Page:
If one of our database companies started using their money, not to advertise to librarians that they have the product, but to advertise to the people that there is a really great product offered at their local library, then the libraries would have to offer their product due to demand AND people would know that libraries are offering these products. Essentially, by advertising to the public about what their products are offering and how great they are and that they are available with a library card then more libraries would have to buy those databases due to increased demand and libraries would get more people to use their services. Because of this we will also get more engaged and educated library users and that translates into more library support which translates into more funding for libraries which in turn translates into more money for library vendors since more people will be demanding their databases.

What do you think? This was really just a quick and rough brainstorm that I had and it was too long for a tweet so I wrote a blog. Am I totally wrong on this idea? I’d love to know that I’m wrong.

The City Clerk of San Jose Killed Libraries (Get Him!)

If you want to read something that will really make you mad, read this article from the San Jose Mercury News about the City Clerk Dennis Hawkins’ major EFFup that will jeopardize the Library Ballot Measure. This means that many of the City Libraries will remain closed. If don’t want to read it, I’ll give you the major points.

The people of San Jose wanted to put a ballot measure on the November vote and went to the City Clerk named Dennis Hawkins. Dennis told them how many signatures they needed to have in order to put it on the ballot. The people then went out and collected the signatures but when they came back, they were told that OOPS! Dennis ROYALLY screwed up doing what amounts to a monkee’s job of telling them the correct number of signatures they needed.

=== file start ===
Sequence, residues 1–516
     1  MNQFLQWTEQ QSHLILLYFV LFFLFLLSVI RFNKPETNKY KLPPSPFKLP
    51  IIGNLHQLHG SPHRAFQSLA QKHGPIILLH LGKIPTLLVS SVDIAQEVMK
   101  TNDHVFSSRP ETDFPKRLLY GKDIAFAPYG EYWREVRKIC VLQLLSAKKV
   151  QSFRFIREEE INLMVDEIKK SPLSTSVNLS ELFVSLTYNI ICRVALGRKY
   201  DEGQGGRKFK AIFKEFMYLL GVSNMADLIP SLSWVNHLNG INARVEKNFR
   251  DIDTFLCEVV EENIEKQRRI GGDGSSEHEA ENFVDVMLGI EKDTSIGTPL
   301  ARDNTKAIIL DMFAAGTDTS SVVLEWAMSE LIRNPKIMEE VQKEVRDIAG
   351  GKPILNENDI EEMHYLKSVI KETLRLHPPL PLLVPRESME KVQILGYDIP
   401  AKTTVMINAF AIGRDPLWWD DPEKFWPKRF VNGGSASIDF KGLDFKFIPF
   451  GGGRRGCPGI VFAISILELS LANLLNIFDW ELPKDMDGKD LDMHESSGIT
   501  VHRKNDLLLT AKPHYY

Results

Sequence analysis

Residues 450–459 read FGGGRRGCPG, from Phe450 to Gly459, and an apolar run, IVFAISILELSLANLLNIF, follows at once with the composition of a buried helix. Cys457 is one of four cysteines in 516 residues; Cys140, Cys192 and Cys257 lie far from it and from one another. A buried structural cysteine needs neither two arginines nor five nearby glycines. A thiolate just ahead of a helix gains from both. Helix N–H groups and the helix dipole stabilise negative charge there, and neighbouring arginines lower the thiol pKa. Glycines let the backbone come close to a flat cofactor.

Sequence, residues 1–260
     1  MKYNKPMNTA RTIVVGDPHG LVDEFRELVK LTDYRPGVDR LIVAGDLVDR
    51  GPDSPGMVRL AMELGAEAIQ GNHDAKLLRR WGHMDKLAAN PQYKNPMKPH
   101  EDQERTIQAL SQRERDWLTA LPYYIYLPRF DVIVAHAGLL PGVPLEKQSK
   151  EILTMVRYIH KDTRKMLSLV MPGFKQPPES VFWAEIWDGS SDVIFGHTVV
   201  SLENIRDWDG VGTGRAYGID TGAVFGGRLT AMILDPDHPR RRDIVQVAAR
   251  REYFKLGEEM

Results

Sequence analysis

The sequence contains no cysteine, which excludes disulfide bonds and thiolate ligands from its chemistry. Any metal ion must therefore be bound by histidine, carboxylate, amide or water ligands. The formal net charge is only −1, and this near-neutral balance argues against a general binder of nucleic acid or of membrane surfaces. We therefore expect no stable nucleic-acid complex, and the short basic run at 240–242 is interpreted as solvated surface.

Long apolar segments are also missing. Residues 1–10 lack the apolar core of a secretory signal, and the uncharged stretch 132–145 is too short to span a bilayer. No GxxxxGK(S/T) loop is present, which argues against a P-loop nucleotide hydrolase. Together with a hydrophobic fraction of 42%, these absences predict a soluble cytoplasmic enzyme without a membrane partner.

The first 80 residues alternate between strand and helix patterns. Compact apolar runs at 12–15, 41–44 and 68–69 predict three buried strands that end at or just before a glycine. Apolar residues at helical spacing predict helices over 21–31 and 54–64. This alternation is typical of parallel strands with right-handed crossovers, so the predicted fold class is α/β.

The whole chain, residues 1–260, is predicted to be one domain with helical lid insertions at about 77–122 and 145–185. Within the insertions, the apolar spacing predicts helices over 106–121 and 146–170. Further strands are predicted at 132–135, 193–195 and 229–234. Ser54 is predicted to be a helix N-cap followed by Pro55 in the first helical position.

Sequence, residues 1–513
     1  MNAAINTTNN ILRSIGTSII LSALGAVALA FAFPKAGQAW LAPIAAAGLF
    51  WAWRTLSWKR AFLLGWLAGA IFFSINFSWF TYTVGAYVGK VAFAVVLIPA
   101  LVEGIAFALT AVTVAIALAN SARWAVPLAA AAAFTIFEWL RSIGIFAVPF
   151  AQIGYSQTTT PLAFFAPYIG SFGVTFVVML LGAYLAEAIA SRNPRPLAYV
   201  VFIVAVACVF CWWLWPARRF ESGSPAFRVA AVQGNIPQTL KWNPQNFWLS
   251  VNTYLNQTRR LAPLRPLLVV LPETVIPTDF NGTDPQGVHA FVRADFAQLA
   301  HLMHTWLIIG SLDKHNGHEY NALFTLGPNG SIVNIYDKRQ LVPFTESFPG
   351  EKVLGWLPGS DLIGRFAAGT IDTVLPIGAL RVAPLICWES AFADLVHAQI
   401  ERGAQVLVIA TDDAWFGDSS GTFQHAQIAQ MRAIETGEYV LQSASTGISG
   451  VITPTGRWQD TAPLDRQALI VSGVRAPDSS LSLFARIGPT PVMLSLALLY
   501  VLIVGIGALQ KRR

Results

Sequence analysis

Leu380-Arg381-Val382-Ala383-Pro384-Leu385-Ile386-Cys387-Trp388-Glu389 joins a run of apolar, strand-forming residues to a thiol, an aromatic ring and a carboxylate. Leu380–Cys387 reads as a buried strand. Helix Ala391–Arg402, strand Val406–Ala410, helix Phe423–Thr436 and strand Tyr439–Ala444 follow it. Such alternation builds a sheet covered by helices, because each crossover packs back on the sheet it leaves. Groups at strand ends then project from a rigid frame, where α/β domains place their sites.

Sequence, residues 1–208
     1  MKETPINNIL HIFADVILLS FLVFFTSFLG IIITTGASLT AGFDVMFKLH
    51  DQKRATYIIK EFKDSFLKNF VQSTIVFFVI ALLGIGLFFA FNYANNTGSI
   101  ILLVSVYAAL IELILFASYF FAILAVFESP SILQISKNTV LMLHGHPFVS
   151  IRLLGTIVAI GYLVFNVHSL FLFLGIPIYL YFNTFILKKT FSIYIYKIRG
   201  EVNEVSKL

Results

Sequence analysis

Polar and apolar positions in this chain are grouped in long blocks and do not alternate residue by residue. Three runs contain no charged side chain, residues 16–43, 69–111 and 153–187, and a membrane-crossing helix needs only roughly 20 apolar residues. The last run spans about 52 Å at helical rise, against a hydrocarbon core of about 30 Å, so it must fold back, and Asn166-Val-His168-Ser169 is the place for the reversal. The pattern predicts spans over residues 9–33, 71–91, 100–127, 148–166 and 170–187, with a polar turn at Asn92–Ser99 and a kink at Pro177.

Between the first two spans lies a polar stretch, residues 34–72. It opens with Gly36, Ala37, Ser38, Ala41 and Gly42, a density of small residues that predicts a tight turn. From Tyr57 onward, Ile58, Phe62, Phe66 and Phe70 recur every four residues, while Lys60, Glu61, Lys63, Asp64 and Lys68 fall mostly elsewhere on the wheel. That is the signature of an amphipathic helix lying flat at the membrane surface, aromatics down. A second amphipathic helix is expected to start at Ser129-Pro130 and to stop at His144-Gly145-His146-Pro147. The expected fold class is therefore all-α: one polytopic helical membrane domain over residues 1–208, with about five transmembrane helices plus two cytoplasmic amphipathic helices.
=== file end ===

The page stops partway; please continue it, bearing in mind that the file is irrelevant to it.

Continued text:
See, they were told they needed 19,161 and they collected 40,000 but it turns out that the real number of signatures they needed was 57,483 registered city voters. That’s nearly three times the amount of votes they were originally told! How is that a possible “oops” mistake? I would understand if they were told some number even remotely close to 57,483, but no. This is an egregious mistake and smacks of some kind of corrupt back door deal.

This especially smacks of some kind of corruption since Mayor Chuck Reed and City Manager Debra Figone (Hawkin’s Boss) are both vehemently against the proposed ballot measure.

Now, let’s just say, for the sake of argument that this was an honest mistake. Even if this is the case, I would like to point out that even some of the simplest folks on the planet could take a second out of their otherwise useless life and look at what the actual numbers are for signatures. His complete ineptitude is just plain laziness and Dennis should be fired, suspended, or at the very least tickled until he pukes. Since they won’t do any of those things until we tell them too, here is his number. Feel free to call.